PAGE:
“Christmas Tree Lane” Highlights
(Updated January 2004)
- The idea for a “Christmas Fairyland Lane” was conceived
over a bridge table by Judge & Mrs. Edward Hardy and the George
Englishes. The Howard Hansens and the Leland Webers joined in. A
committee was formed to contact other families. “Everyone
readily agreed to the idea. The original lights were bought in one
lot and the men measured off the street for placement of trees in
front of homes at proper intervals.”
Mr. Weber tells of the rainy evening when he, Judge Hardy, and George
English set out to deliver the residents’ new equipment. “At
the first house we went to they said, ‘Thank you very much’,
and we said, ‘Thank you, my great grand-aunt! Get a ladder
and come and help! At almost every house they offered us refreshments.
We had a wonderful time.”
1942 - “Dimmed, but not silenced.” The one year the
“Lane” was dark – due to a blackout during World
1943 - Dim-out regulations were relaxed, and although trees and
light bulbs were hard to find in wartime, the street shone again
and was called by the Palo Alto Times a “symbol of the Star
“We urgently recommend, in view of the heavy motor traffic
we have experienced in the past, that our cars be parked in the
drive-ways instead of along the curb. This will eliminate the cause
of accidents that have occurred in the past and will protect the
children when crossing the street in the evenings” -- Letter
to Residents from Judge Hardy
“As it is difficult to replace lighting units, and as it now
will be impossible to do so for the near future (the war years),
may we suggest that when a resident leases or sells his home he
make some arrangement whereby the lessee or buyer can retain the
use of the equipment. For example, the equipment could be computed
in the purchase price of the house when sold. In the alternative,
the equipment could be turned over to one of the committee as custodian,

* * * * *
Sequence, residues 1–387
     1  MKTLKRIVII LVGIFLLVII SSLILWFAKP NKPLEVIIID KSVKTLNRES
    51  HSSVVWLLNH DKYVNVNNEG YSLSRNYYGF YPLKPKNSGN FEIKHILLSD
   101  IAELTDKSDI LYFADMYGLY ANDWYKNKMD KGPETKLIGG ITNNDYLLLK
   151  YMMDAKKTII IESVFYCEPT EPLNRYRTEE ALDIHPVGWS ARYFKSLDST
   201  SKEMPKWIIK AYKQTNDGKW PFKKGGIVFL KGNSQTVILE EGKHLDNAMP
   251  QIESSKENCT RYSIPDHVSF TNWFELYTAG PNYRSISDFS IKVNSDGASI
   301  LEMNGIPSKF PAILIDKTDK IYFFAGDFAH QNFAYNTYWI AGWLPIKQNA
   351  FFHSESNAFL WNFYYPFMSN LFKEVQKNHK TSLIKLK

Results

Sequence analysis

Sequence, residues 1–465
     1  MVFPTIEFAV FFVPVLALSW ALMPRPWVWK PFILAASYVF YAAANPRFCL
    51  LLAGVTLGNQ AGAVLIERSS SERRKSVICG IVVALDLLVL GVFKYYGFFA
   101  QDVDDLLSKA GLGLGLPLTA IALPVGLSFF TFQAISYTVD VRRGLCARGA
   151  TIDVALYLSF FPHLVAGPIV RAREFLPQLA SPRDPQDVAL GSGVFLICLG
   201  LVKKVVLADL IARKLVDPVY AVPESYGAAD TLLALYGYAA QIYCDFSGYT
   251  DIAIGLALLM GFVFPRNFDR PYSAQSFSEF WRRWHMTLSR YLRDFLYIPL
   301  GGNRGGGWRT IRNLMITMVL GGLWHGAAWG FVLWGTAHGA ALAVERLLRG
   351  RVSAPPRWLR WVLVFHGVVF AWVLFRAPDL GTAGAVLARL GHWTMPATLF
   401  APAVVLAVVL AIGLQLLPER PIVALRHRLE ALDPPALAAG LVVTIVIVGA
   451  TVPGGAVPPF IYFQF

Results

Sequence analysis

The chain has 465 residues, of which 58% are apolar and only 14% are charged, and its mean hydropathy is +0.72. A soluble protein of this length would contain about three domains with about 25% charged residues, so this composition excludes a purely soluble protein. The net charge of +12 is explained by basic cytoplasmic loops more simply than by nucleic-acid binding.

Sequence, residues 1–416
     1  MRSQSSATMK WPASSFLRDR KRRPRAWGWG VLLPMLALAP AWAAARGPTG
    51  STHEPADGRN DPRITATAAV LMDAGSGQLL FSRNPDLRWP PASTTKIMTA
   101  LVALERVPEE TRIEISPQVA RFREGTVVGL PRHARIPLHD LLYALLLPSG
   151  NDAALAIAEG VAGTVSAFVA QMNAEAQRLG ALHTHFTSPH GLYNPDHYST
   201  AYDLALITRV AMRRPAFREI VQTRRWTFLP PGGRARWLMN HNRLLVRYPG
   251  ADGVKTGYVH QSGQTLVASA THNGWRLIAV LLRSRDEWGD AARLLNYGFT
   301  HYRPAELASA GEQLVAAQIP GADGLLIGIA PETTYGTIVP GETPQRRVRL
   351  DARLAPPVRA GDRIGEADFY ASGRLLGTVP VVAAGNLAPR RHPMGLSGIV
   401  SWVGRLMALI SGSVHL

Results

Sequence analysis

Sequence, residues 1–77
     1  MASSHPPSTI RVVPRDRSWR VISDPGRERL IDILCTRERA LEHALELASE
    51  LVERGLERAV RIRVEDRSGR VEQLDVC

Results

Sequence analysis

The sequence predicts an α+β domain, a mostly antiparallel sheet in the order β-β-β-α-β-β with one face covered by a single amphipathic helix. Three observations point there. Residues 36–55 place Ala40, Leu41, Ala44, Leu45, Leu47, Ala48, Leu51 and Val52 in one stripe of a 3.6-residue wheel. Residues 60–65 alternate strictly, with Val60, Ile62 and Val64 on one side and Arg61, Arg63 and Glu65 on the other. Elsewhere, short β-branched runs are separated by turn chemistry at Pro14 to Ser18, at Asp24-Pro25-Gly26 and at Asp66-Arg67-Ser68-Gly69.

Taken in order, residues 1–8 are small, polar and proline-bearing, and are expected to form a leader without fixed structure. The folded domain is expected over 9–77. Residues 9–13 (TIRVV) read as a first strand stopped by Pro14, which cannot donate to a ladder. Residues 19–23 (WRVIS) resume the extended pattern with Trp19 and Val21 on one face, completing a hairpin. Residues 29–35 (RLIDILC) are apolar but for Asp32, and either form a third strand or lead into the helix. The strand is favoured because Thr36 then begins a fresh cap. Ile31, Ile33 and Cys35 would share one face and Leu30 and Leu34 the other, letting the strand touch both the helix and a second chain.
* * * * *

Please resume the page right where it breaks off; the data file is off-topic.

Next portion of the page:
as has been done in the case of four leased residences. As much
of the equipment was cut to fit each particular location, this procedure
is highly desirable and will save the new resident a great deal
of trouble in securing and fitting new equipment. Only in this way
with your help can we be assured of the continuance of our “Christmas
-- Letter to Residents from the first “Christmas Fairyland
1947 - “Something new was added this year – a spotlighted
Santa with a pack on his back, about to descend the Hardy’s
Chimney (1830 Fulton). Missing are the seven dwarfs that in previous
years were seen climbing over the house at 1850 Fulton Street (they
were badly in need of a paint job and should be back again next
year.) Sightseers also missed the snowman that usually adorned the
living room window of 1716 Fulton Street.
-- Palo Alto Times
1959 - Awarded “Special Citation of Merit for Outstanding
Illumination” by the San Francisco Examiner and Outdoor Christmas
Tree Association of California. The Saturday morning coffee was
1960 - Awarded “Honorable Mention” in Residential Outdoors
Lighting Display by the Palo Alto Junior Chamber of Commerce. Pipes
were placed in the ground about 25’ apart. Colored lights
were placed on each tree, with a white light on the top. The first
trees were 7’ tall – the street sycamores were young
1961 - Awarded “Second Place” in Residential Outdoors
Lighting Display by the Palo Alto Junior Chamber of Commerce.
“Two 18-year-old youths, their pockets bulging with Christmas
tree lights, were arrested last night on Fulton Street. Police recovered
all 138 bulbs and were planning to distribute them to the homeowners
on Fulton today.”
-- Palo Alto Times
Residents unanimously sign a proposal to turn Christmas Tree Lane
into “Flag Lane”. The proposal was “to use our
pipe stands (used for the Christmas Trees) for the display of uniform
American Flags on July 4th. Yule Lane becomes “American Flag
Lane” … Residents of the 1700 and 1800 blocks of Fulton
Street today displayed American flags in observance of Veterans
Day. The purpose … to stimulate patriotism and make the flag
– Palo Alto Times
1962 - “Despite the fact that many of the original supporters
have since moved from Fulton Street, the project has never been
marred by an unadorned tree.” – Palo Alto Times
1963 - “In Palo Alto we saw the most impressive holiday décor
… (detailed description and history) … an example of
enviable community spirit.” – The Daily, Junction City,
Wave of weekend vandalism!
1964 - Palo Alto City utilities crew changed all streetlights from
white to red for the holidays. Thousands of visitors’ cars
that drive down the street each season can appreciate the full impact
of the decorative lights.
1967 - Except for a three-year absence, the Seven Dwarfs have been
on the roof, sliding down the porch, peering in the window, and
standing on hands of the lawn of 1850 Fulton since 1949.
1968 - Anonymous Jordan Place teenagers collected $20 in coins from
friends to reimburse Christmas Tree Lane residents for bulb vandalism.
“We just want you to know that we like Christmas Tree Lane
and hope it will be lighted again. We hope our contribution will
encourage you all to continue this Christmas treat despite the expensive
thefts which we want to help defray.” -- Neighbors of Jordan